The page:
Community, Economy, Featured, Govt, Politics

PRESS: My First Home Scheme: The government is driving Malaysians into more debts, not solving housing problems

090311 | Bukit Mertajam, Penang

I refer to report in the Star on the Federal Government’s My First Home Scheme launched by the Prime Minister. The scheme is to enable young working adults to obtain upto 100% financing to buy their first home.

This is yet another populist program of the UMNO-Barisan Nasional government intending to provide short term solutions and cover-ups to a long-term major social problem.

Housing is a universal human rights. The United Nations’ Habitat Agenda states that “Governments should take appropriate action in order to promote, protect and ensure the full and progressive realization of the right to adequate housing”.

In Malaysia, the rising property price has been a long-time problem. Unplanned urbanization has encouraged mass migration of workers, especially young people, to cities seeking economic opportunities. Property prices have not been subjected to any government control and hence, driving up the cost of housing in the crowded cities of our nation. Government public housing schemes on the other hand are poorly managed, resulting in many of these houses in bad conditions due to years of neglect and abuse of the system by cronies who received public housings only to rent them out to others, mainly foreigners.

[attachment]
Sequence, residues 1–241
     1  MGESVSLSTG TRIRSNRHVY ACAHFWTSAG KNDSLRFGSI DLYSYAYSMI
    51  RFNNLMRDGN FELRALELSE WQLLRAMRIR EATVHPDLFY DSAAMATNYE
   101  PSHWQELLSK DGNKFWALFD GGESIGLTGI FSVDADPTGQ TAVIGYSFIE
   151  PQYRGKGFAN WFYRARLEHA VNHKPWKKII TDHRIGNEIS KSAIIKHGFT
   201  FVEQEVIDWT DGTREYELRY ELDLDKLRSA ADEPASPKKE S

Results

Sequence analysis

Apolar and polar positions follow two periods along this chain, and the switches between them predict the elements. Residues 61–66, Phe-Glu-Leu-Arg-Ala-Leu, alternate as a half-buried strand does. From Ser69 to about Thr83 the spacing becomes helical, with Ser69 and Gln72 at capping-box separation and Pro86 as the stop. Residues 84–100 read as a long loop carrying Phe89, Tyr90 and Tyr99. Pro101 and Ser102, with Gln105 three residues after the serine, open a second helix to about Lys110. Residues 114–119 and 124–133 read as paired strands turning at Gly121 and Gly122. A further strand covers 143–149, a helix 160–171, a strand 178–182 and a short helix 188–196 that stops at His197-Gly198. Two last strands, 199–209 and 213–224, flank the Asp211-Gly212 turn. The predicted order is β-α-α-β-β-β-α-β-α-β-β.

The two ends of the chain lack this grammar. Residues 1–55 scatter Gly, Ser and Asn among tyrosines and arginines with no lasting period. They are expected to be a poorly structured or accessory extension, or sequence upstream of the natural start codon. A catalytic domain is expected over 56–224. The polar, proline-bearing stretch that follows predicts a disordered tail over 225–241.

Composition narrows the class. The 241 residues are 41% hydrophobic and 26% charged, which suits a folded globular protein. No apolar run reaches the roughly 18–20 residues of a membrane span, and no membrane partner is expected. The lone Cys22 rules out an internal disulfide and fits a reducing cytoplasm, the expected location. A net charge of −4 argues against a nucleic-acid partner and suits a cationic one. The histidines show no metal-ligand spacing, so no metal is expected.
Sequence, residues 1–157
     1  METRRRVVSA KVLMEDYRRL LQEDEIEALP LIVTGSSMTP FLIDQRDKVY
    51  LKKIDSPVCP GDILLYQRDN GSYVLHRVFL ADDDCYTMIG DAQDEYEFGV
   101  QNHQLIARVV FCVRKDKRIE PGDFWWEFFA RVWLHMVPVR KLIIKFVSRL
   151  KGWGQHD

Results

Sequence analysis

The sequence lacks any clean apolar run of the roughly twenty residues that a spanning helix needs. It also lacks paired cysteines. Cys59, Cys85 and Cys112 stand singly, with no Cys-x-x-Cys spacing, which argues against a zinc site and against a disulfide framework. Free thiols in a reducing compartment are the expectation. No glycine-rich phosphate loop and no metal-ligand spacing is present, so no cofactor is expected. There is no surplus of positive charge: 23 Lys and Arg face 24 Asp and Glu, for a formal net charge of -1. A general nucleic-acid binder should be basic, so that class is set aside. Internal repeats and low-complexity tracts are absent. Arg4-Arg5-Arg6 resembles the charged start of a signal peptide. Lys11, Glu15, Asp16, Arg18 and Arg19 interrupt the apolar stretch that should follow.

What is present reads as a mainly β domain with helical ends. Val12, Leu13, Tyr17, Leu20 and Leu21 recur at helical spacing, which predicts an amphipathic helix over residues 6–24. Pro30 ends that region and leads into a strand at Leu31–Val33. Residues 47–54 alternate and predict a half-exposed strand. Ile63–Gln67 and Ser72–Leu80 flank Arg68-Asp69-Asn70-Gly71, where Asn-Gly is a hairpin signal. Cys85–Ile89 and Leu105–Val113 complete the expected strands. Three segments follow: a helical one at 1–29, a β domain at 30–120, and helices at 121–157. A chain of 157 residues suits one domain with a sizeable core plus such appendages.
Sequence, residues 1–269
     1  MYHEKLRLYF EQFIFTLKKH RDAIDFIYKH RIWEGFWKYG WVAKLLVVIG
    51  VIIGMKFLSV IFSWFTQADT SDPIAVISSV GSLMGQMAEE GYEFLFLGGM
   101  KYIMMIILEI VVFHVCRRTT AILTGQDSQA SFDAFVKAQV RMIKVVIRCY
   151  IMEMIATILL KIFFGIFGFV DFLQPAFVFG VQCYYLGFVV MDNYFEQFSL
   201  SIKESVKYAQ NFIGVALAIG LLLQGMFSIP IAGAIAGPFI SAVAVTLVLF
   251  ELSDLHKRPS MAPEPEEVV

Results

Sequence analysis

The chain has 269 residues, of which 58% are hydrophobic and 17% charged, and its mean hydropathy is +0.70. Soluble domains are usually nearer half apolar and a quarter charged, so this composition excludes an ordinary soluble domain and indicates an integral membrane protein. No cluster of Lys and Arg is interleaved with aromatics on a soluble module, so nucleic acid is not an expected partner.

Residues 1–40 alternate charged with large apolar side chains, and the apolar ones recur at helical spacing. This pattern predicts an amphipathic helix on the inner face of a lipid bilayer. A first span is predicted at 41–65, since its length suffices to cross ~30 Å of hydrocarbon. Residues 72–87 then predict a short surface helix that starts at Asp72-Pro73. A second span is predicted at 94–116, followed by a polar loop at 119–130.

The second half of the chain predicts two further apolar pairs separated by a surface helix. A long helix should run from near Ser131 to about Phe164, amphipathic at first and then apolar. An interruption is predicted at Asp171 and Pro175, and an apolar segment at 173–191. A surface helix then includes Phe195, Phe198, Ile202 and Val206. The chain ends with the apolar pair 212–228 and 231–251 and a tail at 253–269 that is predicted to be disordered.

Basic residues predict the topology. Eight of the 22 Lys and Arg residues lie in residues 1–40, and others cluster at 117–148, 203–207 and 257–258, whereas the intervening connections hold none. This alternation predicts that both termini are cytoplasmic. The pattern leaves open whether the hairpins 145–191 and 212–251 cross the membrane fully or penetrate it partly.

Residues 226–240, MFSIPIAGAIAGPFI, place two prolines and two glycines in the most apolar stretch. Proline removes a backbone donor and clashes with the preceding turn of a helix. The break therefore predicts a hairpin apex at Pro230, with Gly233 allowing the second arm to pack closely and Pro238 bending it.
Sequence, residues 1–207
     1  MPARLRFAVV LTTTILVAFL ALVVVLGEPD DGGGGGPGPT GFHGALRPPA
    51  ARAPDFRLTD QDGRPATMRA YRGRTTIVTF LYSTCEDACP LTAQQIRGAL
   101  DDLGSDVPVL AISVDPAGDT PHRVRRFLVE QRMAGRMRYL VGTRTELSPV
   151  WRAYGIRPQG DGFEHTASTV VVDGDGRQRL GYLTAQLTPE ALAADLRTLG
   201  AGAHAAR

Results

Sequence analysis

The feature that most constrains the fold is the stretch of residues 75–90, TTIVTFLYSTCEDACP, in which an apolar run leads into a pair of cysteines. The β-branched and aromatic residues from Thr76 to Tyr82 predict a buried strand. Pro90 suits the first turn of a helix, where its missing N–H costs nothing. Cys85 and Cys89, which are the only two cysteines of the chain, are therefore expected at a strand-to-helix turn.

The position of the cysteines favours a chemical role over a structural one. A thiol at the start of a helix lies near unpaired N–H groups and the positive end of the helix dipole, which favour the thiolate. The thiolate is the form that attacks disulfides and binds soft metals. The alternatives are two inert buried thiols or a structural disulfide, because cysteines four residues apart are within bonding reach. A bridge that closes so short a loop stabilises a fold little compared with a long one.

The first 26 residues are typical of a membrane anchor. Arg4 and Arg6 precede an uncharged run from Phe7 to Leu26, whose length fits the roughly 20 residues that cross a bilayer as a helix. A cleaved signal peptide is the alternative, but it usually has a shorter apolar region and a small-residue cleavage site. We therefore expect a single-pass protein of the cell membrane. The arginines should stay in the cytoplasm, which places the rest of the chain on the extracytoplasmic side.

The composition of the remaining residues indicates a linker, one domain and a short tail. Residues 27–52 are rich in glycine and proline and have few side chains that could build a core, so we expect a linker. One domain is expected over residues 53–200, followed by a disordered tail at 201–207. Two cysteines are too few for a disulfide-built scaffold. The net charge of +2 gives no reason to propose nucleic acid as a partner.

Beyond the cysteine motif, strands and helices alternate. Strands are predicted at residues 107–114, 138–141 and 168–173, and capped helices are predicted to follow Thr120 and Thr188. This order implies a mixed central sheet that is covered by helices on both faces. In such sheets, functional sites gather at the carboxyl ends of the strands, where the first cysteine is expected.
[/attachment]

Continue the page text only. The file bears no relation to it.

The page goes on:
Recent reports showed that 60% of Malaysian households are earning a monthly income of less than RM3000 while 40% of the households are living with an average monthly income of RM1500. Through this latest scheme, instead of addressing the issue of soaring property prices and being responsible as a government to provide affordable housing, the government is encouraging Malaysians to take up more debts. With the rising cost of living especially in cities, the Government’s latest program will drive up debts of the already debt-laden Malaysian families. The Prime Minister’s latest move can only continue to benefit property developers and the banks without solving the problems faced by the average Malaysians.

Rather than allowing the market to dictate on such basic necessity as housings, the government should take on a more proactive role in providing affordable and quality housing for the people. It should also upgrade existing public housing schemes. In summary, the government should do a total review of the national housing policy to address the problem of housing and not drive Malaysians, especially young people into more debts.


Steven Sim
MPSP Councillor
Treasurer, DAPSY Penang
Head of DAP Penang Gender Justice & Social Development Bureau


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